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Riding a Piece of History

My restored 1939 Allis-Chalmers B tractor gives me a fleet of two, going on three

In June 2007, I wrote a Bay Gardener column about restoring a 1949 John Deere B tractor. A Bay Weekly reader called to offer me an old tractor, which had belonged to his father-in-law.
    When I visited, I found a neglected Allis-Chalmers B parked at the edge of a woods. It had not been operated for at least 10 years. It would no doubt be a real challenge to restore to operating condition.
    Since the word can’t is not in my vocabulary, I accepted the tractor and, with the help of neighbors, loaded it on a trailer and hauled it to Upakrik Farm. My daughters doubted my ability to make the old rust-bucket operate.
    Because it was impossible to crank the engine, I filled the cylinders with Blaster and let it stand idle for several months. In the meantime, I removed as many parts as possible using a torch to heat the nuts and bolts and treating them with penetrating oil.
    Under the guidance of my good friend Bud Moreland of Lothian, I removed the engine-block head and oil pan and, using special tools, removed the pistons and cylinder walls. It was apparent that water had entered these areas and rusted the pistons, rings and cylinder walls together. I cleaned the engine block and installed new cylinder walls, pistons and rings, as well as bearings.
    Even with these changes, the engine could not be cranked. Removing the main bearings, I found that the crankshaft needed to be milled, which was beyond my ability and tools. Thus the engine was removed from the chassis and delivered to R.C. Automotive in Capitol Heights.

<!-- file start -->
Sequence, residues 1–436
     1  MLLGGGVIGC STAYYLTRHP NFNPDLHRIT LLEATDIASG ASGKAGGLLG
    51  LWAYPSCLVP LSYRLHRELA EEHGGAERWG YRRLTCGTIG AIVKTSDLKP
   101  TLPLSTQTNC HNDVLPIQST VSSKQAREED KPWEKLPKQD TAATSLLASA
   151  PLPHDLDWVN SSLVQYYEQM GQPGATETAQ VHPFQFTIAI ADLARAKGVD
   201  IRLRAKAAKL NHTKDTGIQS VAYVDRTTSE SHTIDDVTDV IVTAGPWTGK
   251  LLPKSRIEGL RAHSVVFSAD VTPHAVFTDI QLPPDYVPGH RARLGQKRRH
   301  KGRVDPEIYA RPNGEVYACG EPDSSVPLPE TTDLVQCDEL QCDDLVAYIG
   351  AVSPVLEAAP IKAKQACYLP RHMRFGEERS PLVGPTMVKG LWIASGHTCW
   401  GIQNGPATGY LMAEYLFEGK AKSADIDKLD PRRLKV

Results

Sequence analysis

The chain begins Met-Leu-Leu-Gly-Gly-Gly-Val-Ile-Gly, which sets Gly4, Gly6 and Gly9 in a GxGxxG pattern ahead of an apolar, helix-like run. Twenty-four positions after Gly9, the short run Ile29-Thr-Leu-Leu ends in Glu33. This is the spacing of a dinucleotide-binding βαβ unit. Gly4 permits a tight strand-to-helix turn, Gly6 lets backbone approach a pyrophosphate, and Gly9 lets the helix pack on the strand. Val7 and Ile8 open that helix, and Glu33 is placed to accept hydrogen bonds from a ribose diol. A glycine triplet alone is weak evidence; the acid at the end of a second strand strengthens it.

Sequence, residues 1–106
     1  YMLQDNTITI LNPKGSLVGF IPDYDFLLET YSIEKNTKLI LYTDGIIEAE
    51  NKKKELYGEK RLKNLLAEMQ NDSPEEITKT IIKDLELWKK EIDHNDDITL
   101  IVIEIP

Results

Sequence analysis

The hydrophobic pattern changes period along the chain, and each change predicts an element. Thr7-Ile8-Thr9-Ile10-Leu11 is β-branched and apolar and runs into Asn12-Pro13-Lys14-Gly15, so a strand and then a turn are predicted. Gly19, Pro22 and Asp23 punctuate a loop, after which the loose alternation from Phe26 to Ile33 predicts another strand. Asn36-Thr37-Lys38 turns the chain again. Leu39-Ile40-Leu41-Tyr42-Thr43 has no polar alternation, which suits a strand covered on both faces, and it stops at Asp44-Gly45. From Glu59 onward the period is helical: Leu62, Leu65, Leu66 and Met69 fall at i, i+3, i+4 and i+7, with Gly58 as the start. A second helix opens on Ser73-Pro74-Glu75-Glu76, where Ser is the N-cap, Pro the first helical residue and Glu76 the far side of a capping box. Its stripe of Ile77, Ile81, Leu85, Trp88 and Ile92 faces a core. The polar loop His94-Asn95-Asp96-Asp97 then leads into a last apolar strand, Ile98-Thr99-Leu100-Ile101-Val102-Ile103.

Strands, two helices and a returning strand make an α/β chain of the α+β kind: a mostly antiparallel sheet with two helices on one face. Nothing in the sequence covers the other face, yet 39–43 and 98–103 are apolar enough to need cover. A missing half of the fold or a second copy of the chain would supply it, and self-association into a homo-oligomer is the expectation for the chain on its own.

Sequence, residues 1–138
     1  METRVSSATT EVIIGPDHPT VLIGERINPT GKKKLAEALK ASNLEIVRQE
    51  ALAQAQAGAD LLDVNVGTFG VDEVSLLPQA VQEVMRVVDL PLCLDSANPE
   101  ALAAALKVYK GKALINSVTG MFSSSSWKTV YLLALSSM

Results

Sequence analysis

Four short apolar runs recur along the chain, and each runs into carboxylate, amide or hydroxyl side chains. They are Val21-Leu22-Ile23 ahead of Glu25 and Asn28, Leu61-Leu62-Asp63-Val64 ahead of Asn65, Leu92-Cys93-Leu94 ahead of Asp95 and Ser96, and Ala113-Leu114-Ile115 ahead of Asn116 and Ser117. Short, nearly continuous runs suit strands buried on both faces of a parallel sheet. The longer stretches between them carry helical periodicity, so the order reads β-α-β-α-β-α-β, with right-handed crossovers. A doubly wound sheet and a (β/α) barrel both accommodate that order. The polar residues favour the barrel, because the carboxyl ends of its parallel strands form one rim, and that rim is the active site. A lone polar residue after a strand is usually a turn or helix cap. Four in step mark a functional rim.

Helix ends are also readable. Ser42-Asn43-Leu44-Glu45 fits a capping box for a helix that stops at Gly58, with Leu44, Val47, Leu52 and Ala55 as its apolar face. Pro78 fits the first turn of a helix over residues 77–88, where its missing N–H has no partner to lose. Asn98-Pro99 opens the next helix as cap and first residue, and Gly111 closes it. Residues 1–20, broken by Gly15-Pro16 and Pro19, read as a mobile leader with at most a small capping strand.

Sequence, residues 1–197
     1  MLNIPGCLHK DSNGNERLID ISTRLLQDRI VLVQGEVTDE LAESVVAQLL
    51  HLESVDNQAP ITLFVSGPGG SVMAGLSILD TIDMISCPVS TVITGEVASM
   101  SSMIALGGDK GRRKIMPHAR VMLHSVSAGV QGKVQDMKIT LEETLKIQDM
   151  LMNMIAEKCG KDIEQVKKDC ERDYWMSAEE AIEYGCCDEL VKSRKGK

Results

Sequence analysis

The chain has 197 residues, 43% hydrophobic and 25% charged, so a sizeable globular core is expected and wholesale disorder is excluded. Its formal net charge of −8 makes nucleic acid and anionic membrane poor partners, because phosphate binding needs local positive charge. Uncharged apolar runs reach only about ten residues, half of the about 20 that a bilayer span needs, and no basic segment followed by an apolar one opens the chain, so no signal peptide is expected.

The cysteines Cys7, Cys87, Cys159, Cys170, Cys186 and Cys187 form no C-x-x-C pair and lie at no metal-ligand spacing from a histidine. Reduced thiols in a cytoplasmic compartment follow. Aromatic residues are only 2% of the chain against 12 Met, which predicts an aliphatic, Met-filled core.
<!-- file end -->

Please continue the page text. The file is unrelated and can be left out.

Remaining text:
In the meantime, I removed rust from all metal parts, welded and filled holes in the rusted fenders and purchased rims for the rear wheels, tires, a battery box and tractor seat.
    Once the engine was returned, I mounted it to the chassis and painted the tractor Belgium orange. I then replaced all the parts that were removed and painted, installed a new ignition system as well as wires to the head- and taillights.
    I did not have a wiring diagram to follow, my memory was not reliable and my knowledge of engine mechanics is limited. But with the help of Bud Moreland, I figured out why the engine would not start after all the wires had been connected.
    Now I have a John Deere B and an Allis-Chalmers B in operating condition. Next, I am looking for a Farmall B. This will make for a colorful collection of green, orange and red for the Shady Side Fourth of July parade.

Ask Dr. Gouin your questions at [email protected]. All questions will appear in Bay Weekly. Please include your name and address.